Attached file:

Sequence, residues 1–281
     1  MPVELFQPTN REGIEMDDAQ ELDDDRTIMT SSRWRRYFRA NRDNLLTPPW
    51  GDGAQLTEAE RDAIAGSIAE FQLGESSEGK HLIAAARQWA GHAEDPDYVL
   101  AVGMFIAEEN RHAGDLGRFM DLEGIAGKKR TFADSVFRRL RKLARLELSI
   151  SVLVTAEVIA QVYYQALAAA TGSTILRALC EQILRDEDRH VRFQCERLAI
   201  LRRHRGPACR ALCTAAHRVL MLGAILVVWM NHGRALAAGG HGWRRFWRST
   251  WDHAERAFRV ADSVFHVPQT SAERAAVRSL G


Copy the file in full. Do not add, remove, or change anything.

Sequence, residues 1–281
     1  MPVELFQPTN REGIEMDDAQ ELDDDRTIMT SSRWRRYFRA NRDNLLTPPW
    51  GDGAQLTEAE RDAIAGSIAE FQLGESSEGK HLIAAARQWA GHAEDPDYVL
   101  AVGMFIAEEN RHAGDLGRFM DLEGIAGKKR TFADSVFRRL RKLARLELSI
   151  SVLVTAEVIA QVYYQALAAA TGSTILRALC EQILRDEDRH VRFQCERLAI
   201  LRRHRGPACR ALCTAAHRVL MLGAILVVWM NHGRALAAGG HGWRRFWRST
   251  WDHAERAFRV ADSVFHVPQT SAERAAVRSL G